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Sadly, the song thrush has seen a rapid, and somewhat unexplained decline in recent years, meaning the RSPB has assigned it red status. Until recently, the song thrush would not only herald the start of spring for many, but would also be one of the most common garden visitors. Once they migrate to the warmer climes of Spain and France, their place is taken by other birds from the Low Countries.
A very neat looking bird, with dark brown plumage and small spots near the breast and throat. The head and the upper parts of the song thrush are a chocolate brown with the underparts white, getting more yellow at the breast.
A distinctive song that is deeper than the blackbird calls in the beginning of spring, and consists of short phrases that are often repeated by groups of two or three.
The song thrush loves to feed on lawns, where it can pull up worms. Though the song thrush’s diet is mainly based on insects, they will eat the odd piece of hedgerow fruit, and very occasionally a seed. Trying to rid your garden of slugs? The song thrush can do that for you, no problem.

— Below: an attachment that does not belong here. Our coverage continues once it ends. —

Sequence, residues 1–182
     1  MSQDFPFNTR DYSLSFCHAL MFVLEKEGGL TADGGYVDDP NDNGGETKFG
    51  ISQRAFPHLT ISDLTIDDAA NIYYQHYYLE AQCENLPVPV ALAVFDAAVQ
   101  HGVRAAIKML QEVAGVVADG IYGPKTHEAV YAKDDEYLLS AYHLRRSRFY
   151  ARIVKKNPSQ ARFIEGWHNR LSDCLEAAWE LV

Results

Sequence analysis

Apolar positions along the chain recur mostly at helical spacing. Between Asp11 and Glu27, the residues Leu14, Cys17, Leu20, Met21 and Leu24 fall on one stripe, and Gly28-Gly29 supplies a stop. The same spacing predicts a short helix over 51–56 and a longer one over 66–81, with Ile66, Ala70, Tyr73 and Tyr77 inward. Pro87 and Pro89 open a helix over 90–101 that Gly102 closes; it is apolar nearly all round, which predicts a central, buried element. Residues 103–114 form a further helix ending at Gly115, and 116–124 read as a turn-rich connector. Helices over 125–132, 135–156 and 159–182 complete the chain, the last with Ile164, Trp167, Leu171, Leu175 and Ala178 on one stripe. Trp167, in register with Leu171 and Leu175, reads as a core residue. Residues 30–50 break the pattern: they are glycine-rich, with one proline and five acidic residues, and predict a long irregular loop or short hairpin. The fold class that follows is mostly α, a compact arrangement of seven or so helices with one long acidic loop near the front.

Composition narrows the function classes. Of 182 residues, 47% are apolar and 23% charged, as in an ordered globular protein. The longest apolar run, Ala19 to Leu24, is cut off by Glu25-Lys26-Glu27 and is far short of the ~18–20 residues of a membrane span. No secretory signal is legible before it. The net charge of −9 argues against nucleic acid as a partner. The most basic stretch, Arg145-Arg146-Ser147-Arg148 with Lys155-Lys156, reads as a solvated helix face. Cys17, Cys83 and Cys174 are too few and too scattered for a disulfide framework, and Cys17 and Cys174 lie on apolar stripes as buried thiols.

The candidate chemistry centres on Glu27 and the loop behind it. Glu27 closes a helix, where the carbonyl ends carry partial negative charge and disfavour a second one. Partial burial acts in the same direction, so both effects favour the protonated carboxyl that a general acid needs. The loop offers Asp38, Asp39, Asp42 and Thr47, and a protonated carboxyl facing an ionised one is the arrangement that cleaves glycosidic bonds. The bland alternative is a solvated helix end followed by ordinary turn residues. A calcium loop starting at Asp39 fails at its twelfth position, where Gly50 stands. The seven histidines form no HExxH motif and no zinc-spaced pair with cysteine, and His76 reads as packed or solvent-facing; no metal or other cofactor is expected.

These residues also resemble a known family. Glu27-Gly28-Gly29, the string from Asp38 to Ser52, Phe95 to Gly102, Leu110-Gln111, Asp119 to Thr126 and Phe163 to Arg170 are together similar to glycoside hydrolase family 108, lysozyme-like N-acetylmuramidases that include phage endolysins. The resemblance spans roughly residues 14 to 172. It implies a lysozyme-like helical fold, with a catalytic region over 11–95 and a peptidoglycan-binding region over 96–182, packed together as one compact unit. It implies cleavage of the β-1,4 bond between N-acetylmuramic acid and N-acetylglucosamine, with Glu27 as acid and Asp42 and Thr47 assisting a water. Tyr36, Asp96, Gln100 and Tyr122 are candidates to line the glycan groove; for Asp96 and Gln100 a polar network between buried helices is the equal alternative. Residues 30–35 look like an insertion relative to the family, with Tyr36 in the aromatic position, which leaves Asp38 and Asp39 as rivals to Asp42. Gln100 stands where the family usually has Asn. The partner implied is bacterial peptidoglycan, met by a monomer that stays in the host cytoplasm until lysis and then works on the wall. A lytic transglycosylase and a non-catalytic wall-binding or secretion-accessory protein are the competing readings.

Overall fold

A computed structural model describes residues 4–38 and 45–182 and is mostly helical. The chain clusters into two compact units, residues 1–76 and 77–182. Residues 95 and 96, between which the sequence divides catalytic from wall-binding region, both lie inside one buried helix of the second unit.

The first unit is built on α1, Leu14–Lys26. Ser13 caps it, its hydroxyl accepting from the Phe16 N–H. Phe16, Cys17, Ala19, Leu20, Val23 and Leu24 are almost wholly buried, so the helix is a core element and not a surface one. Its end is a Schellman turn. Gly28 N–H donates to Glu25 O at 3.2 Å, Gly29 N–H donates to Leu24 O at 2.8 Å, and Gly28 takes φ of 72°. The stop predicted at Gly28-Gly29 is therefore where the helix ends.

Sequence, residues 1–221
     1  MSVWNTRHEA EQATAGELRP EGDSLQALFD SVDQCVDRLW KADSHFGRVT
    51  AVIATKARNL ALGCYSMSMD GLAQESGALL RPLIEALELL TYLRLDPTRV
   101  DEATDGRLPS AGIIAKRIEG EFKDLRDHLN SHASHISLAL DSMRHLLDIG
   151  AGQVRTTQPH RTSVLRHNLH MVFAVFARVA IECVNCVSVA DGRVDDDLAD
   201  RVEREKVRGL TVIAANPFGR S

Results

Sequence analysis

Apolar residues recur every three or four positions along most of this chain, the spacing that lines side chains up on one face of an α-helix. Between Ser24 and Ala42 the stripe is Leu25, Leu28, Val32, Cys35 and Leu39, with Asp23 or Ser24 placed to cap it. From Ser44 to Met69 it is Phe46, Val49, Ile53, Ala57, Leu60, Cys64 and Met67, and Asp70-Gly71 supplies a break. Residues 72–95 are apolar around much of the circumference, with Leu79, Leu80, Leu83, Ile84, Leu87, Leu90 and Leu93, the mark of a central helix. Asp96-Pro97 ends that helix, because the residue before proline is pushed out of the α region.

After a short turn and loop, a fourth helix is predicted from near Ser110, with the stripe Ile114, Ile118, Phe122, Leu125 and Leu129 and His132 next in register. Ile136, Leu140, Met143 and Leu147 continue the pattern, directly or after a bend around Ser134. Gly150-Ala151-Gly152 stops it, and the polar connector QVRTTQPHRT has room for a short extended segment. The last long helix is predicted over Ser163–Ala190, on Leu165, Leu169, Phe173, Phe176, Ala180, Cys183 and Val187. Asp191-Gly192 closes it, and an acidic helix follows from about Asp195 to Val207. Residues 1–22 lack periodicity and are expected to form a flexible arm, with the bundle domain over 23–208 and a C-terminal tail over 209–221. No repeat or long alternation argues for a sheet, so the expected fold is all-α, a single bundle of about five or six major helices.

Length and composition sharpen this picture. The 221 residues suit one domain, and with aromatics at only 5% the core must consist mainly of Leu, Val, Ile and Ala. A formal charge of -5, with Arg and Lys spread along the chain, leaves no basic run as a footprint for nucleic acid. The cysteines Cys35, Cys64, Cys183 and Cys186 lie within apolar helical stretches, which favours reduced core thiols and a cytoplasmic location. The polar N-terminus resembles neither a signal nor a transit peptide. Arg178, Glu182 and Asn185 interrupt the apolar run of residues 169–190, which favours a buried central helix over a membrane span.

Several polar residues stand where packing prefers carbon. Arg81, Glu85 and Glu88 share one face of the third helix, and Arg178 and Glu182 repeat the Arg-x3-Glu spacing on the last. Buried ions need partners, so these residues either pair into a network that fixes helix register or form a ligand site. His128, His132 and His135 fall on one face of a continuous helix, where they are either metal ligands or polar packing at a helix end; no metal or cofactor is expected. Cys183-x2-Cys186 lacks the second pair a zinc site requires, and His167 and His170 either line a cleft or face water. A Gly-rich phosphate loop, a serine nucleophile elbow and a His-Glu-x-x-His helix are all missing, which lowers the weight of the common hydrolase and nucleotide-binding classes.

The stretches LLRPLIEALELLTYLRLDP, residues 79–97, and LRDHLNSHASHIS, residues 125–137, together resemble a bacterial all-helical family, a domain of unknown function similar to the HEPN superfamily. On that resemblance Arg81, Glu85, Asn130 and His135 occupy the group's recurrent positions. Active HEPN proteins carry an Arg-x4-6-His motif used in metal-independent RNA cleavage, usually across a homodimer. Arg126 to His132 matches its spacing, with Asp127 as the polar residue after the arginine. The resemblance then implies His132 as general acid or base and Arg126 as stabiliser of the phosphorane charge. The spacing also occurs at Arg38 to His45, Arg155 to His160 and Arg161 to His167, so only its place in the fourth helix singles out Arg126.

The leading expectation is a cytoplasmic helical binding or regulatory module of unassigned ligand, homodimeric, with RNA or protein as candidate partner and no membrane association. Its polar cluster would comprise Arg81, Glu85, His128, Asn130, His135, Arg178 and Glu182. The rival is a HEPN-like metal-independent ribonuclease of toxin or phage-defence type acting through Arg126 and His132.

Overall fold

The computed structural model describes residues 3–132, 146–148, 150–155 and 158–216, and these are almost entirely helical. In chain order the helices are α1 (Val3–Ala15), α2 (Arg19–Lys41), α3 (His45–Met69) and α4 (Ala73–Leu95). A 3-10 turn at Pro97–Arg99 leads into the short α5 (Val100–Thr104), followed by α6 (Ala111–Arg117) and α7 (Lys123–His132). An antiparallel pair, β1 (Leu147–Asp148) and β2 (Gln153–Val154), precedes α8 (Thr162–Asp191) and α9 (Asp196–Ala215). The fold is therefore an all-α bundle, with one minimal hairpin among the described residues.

Though numbers have declined, it isn’t due to any complicated breeding habits, like those of the dunnock for example. Lays 3-5 pale sky-blue eggs, which incubate for 12-14 days, with young that fledge after a period of around 12-15 days. Often raises two and sometimes three broods.
As well as eating insects and worms, the song thrush will also smash snails on a hard surface, and eat the “contents” inside the shell.
The mistle thrush looks very alike, so look for the song thrush’s larger size, darker plumage and smaller spots.
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